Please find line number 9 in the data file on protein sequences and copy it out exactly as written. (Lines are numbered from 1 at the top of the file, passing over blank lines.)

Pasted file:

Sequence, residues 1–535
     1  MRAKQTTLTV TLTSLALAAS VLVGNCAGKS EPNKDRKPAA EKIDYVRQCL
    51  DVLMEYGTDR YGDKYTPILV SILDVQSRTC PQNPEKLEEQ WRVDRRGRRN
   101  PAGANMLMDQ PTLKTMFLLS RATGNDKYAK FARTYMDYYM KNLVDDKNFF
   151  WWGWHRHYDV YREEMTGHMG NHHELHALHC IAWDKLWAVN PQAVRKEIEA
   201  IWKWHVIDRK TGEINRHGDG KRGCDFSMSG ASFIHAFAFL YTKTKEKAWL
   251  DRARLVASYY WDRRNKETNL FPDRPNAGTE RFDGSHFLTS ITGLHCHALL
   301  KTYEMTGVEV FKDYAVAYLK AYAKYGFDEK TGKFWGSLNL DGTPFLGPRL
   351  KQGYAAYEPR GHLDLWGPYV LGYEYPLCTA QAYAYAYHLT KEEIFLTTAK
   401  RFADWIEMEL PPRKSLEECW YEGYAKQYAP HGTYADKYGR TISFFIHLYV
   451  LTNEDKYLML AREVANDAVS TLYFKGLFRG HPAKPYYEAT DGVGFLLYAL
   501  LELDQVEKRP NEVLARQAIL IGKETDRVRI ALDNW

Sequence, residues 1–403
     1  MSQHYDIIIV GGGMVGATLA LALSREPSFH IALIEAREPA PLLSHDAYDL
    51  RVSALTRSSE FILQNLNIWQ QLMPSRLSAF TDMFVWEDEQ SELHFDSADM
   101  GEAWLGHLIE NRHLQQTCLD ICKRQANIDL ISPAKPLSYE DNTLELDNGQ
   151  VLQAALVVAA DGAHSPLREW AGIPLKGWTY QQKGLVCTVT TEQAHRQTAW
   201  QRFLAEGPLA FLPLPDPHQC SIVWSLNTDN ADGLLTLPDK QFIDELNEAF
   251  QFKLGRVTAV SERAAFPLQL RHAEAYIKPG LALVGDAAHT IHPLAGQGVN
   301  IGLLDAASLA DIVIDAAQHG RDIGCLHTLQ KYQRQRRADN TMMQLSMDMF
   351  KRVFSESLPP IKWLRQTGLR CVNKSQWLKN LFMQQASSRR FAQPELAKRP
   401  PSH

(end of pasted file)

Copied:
   351  KQGYAAYEPR GHLDLWGPYV LGYEYPLCTA QAYAYAYHLT KEEIFLTTAK